A good example of the historical approach is a set of cartoons showing the benefits which would have been brought to various historical figures if only they had had the opportunity to purchase luxury leather goods from Connolly Brothers of Wandsworth. Figures like Mr and Mrs Noah, Alfred the Great, and William the Conqueror are shown benefiting from Connolly Brothers luxury leather products.

William the Conqueror appreciates the comforts of leather by William Heath Robinson © The William Heath Robinson Trust

William the Conqueror appreciates the comforts of leather by William Heath Robinson © The William Heath Robinson Trust

Heath Robinson developed a close working relationship with Connolly Brothers, who manufactured a wide array of leather goods including car seats, car hoods, furniture, bags, cases and so on. His first work for them was a 12-page booklet which they used to promote their products at that year’s Motor show and was so successful that they didn’t quite commission a new one annually, but by the end of his career he’d produced a total of 12 books and some 200 cartoons for them, and there are extensive selections here from three volumes, Light on Leather (1922), Leather breeding on the Wandle (1927) and The Connolly Chronicles (1933).

In the same vein are cartoons promoting macaroni, sugar, paper, a herd of thoroughbred pigs, pianos and the Great West Railway.

I particularly liked the set made for the toffee manufacturer John Mackintosh in 1921, which Heath Robinson titled ‘A half hour in Toffee Town’ – especially the illustration in the centre-right, of how they get the chocolate to completely cover each individual toffee, which involves a watering can, a pulley and an umbrella.

A half hour in Toffee Town by William Heath Robinson © The William Heath Robinson Trust

A half hour in Toffee Town by William Heath Robinson © The William Heath Robinson Trust

In a set like this each individual incident is, apparently, called a vignette. Individual vignettes could be extracted from the larger context and recycled. Thus single vignettes Heath Robinson drew for the manufacturers of Izal, an antiseptic product, were issued as postcards, and even printed on toilet paper. Another client used Heath Robinson illustrations on blotting paper.

These are all examples of the proliferation of the image across all kinds of products and new media in the 1920s. Heath Robinson was one of the graphic artists who rewrote the rules on how we communicate commercially: replacing heavy, Victorian, copy-dominated ads with a focus on imagery which tells stories.

Take one of his most famous works, the Hovis ads, a classic example of the ‘with/without’ approach mentioned above, and of the new image-focused approach.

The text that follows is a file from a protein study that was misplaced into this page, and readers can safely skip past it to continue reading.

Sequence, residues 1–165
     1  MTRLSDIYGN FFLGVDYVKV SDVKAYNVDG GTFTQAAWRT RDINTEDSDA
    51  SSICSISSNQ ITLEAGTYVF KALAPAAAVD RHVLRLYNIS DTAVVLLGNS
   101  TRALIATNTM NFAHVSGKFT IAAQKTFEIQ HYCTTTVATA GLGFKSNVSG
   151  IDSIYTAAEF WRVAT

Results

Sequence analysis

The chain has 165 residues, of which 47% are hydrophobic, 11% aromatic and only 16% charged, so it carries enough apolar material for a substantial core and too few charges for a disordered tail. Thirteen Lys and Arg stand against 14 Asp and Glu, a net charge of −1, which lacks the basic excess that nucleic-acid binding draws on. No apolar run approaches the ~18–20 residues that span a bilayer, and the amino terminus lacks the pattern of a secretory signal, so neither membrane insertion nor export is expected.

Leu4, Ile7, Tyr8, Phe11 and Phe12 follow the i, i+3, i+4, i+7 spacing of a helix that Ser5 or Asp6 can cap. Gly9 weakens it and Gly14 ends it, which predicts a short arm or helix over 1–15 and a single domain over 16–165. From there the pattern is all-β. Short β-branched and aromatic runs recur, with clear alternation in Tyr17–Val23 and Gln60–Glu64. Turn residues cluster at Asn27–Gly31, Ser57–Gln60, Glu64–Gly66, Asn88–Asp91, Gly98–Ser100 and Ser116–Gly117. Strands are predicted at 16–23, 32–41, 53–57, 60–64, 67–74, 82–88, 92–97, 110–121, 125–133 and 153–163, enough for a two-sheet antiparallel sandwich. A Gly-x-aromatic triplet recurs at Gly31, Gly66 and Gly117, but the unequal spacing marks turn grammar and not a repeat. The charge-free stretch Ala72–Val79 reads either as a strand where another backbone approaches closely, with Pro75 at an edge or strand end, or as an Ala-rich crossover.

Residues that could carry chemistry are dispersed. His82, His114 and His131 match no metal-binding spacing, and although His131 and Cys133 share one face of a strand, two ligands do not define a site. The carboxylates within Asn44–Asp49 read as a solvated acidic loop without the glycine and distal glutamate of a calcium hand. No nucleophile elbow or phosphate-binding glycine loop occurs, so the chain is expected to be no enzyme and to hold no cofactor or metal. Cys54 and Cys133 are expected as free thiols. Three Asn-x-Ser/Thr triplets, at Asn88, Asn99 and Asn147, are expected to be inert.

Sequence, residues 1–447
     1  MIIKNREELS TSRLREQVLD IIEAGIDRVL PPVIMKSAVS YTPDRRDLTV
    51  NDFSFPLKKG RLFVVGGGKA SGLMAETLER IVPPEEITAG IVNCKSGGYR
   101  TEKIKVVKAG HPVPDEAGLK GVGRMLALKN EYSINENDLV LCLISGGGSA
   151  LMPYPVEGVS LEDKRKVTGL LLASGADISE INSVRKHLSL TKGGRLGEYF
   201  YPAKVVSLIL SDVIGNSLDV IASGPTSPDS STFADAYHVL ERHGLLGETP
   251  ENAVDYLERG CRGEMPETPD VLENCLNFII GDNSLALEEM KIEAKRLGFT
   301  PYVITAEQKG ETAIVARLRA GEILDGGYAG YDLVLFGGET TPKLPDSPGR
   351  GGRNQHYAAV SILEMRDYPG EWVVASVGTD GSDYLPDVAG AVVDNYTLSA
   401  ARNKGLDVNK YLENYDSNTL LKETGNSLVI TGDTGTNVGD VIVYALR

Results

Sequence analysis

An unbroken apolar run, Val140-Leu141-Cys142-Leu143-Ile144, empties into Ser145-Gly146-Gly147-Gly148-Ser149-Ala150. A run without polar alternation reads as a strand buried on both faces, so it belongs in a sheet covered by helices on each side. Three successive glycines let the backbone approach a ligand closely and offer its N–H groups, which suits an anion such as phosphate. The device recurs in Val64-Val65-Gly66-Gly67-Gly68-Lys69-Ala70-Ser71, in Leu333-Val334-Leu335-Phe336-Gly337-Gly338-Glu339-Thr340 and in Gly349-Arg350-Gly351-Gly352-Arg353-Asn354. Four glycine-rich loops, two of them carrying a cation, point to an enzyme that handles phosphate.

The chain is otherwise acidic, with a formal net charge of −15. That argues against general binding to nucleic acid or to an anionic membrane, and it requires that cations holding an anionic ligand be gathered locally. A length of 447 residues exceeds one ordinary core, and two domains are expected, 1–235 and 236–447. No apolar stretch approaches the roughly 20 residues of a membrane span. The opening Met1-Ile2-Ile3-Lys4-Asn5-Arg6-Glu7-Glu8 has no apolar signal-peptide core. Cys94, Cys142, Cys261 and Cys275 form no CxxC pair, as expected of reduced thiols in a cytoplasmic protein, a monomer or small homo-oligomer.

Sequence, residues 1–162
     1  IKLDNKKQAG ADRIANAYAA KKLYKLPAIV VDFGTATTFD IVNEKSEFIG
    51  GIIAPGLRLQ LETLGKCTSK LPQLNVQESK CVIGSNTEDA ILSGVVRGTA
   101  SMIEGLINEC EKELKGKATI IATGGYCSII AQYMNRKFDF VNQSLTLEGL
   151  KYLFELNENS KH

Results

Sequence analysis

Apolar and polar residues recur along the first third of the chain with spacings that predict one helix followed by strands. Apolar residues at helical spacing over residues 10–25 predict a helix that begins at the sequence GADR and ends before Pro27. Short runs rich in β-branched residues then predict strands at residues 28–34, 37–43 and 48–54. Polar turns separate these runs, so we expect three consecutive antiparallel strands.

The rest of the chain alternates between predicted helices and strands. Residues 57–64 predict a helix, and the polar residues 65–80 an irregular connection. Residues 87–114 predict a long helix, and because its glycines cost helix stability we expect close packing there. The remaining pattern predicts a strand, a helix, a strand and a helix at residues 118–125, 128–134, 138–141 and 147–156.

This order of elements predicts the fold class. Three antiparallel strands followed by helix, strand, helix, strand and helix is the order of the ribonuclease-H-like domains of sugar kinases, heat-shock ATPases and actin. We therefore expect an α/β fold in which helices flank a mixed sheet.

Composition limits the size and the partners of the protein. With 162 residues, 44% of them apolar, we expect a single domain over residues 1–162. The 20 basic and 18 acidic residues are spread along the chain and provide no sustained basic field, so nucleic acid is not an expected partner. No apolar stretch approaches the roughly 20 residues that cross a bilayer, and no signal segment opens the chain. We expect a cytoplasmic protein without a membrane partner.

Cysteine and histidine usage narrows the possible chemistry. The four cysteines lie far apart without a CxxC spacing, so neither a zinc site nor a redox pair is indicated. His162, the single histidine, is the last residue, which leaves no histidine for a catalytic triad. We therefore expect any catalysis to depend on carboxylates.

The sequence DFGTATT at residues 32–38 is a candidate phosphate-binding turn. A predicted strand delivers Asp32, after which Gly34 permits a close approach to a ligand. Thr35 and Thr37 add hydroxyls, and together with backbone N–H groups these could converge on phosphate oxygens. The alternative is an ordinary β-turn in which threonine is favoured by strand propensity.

'Hovis, the bread of health' by William Heath Robinson (1927) © The William Heath Robinson Trust

‘Hovis, the bread of health’ by William Heath Robinson (1927) © The William Heath Robinson Trust

As well as lots of hilarious pictures, and fascinating social history about the products he was promoting, the exhibition also allows you to trace the development of Heath Robinson’s style.

Although his work was always too varied to defy sweeping generalisation, by and large what you see is a progression from a turn-of-the-century, Arthur Rackham-esque interest in the grotesque, the crabbed and the eccentric, often set inside cramped or spooky interiors – to a much sparser, cleaner, and possibly Art Deco-influenced line in the 1930s.

Thus the elaborate stone setting of the vaults in the Johnny Walker picture from 1915 (at the top of this review) could, at a stretch, be home to a troll or goblin. Although this reproduction is in black and white, the original was coloured in watercolour, adding to the sense of depth and density.

Compare and contrast with the clarity of line and the lack of shading in a picture like this, drawn some 20 years later to promote pianos manufactured by Firth Brothers. Even when the later pictures portray complex contraptions, the ones from the 1930s do so in a style which is somehow cleaner and crisper.

Some interesting pianos not made by Firth Brothers by William Heath Robinson © The William Heath Robinson Trust

Some interesting pianos not made by Firth Brothers by William Heath Robinson © The William Heath Robinson Trust

Summary

So do your funny bones a favour: get along to the Heath Robinson Museum and spend a happy hour chortling at the works of this great promoter of happiness, as well as picking up titbits of English social history, and enjoying the evolution and changing style of a great English humorist.

Credit

All Heath Robinson images reproduced with kind permission of the William Heath Robinson Trust and © The William Heath Robinson Trust.